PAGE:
Standing together - a roundup of Jerusalem affairs

As of next June, passengers using public buses or the train won’t have to load their Rav-Kav, but will be able to use a new application directly from their smart phones.

GOLDA MEIR Boulevard is getting a carpool lane (photo credit: Wikimedia Commons)
GOLDA MEIR Boulevard is getting a carpool lane
(photo credit: Wikimedia Commons)
Monday morning, a few days after acts of vandalism were perpetrated on a mosque in the Sharafat neighborhood (eastern section of Beit Safafa), Mayor Moshe Lion and city council member Arieh King paid a visit to the mosque and listened to a residents’ delegation. The local neighborhood council president Ayub Ali and Mukhtar (village chief) Ismayil Awad, expressed their anger and their fear of such acts. Both Lion and King pledged to work hard to prevent such cases in the future, and Lion promised any help and support necessary to bring life back to normal in the neighborhood, or any financial help needed for the mosque renovation. Last week, Lion also met with a delegation of parents from the Isawiya neighborhood, in an attempt to bring back calm there, after months of police and Border Police activities, which have ended, for now, with some 700 residents arrested and still held in custody by Jerusalem police. Participants in the meeting said that while they appreciate Lion’s efforts to bring back a dialogue between the parties, nothing can get back to normal as long as so many of the neighborhood’s residents are still in being held.
Carpool is here
Within four months, a public lane will be launched on Golda Meir Boulevard, for use by public transportation vehicles, including carpools – cars used by more than 3 persons. This will be a public priority lane for various means of public transportation to ease the traffic on this major road. The Jerusalem municipality and the Ministry of Transportation plan to enlarge the system and extend these public lanes to additional city streets. However, activists in matters of municipal traffic complain that while, on one hand the municipality appears to favor public transportation, on the other hand it invests large sums of public money by adding more roads, suggesting to car owners that private cars will continue to be preferred over public means. In this particular case, the finance committee at Safra Square approved earlier this week a total budget of NIS 1.8 billion (coming for the interim special budget based on last year’s sums) for a series of roads, infrastructure and transportation projects, quite a few of them aimed at enhancing and improving roads for private traffic – while only a smaller part out of this sum (NIS 572 million) will go to improving and promoting the light rail and public transportation projects. Meanwhile, the transportation ministry is not releasing tenders to import new and non-polluting buses because of an internal disagreement between the ministry and the local provider of these vehicles – and, as a result, no improvement in city buses services to be expected. On Monday, members of “15 Minutes” – an association that works to improve public transportation in the city – and residents demonstrated in front of the Ministry, for the moment without any apparent results or movement in the right direction.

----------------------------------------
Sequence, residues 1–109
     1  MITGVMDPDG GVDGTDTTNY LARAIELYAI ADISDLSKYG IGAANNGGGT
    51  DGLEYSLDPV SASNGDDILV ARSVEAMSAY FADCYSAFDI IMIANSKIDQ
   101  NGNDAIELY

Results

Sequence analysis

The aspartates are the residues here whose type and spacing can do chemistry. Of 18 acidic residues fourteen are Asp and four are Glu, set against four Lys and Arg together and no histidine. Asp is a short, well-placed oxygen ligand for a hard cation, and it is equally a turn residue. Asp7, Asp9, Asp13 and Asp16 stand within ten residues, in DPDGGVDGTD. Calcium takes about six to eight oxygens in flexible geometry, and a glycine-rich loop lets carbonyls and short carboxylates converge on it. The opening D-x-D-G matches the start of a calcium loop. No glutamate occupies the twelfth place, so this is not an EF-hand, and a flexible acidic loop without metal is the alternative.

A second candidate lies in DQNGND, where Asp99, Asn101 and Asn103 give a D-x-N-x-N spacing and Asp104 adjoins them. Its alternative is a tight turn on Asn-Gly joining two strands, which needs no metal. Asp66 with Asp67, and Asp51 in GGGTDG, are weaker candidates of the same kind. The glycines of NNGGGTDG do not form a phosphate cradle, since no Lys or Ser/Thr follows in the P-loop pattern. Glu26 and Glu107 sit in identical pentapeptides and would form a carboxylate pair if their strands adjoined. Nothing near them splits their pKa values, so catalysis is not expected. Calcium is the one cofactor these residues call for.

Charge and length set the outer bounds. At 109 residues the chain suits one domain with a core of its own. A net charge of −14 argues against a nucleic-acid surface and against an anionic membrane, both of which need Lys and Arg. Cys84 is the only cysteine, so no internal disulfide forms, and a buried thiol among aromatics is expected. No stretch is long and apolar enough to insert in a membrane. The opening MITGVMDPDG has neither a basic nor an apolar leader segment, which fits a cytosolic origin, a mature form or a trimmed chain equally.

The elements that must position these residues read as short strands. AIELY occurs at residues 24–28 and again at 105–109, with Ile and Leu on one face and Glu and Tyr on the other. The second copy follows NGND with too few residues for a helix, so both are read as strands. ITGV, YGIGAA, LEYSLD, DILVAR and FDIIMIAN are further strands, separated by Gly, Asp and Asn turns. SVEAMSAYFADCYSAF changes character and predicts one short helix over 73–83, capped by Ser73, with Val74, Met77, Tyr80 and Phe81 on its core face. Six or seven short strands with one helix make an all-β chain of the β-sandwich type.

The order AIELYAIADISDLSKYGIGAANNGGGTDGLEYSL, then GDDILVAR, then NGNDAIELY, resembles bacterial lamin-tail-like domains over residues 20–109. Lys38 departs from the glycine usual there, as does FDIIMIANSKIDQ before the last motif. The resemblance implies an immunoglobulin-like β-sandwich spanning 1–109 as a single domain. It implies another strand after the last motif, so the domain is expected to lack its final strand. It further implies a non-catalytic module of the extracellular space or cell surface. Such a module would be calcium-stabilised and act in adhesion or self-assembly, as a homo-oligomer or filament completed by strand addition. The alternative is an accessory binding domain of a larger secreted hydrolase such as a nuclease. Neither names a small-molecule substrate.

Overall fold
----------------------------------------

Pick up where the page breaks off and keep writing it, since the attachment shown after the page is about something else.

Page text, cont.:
Talk to me
The 260 municipal sanitation employees, who have been fired or are on the list of the next to be dismissed, continue to fight for their jobs. A month ago, arson was allegedly committed on the car of the director of the sanitation administration, and at the last city council meeting, Mayor Lion refused to let their representatives present their case, leading to a stormy reaction from the employees who came to protest. Earlier this week, they complained that after the municipality fired them without providing them any solution for further employment, now the labor federation (Histadrut) is not ready to listen to their claims. During the previous municipality reorganization plan, in the early 2000’s, more than 300 hundred employees, mostly from the sanitation administration, who were dismissed in the framework of moving to privatization of the service, were hired by the private companies, as part of the agreement signed by Safra Square. This time, a new move to private cleaning companies – especially for the Old City and the Arab neighborhoods – does not include this clause. Employees aged 50 and over fear that they will not find alternative employment and request that the municipality find them a solution. They now found out that even the Histadrut cannot help them. A source at Safra Square says that further protests are expected in the coming weeks.
Hello, goodbye to Rav-Kav
As of next June, passengers using public buses or the train won’t have to load their Rav-Kav, but will be able to use a new application directly from their smart phones. However, that will not include the city light rail, since Citypass will stop being the operating company by 2022. It is not clear why Citypass cannot give access to the application for the light rail too, but for now, this new and quite user-friendly means of paying will not function on it. So unless Citypass changes it’s decision, or the Ministry of Transportation forces them to do so, no Rav-Kav should yet be thrown away. As for the application, it will be announced close to the beginning of June and accessible to all.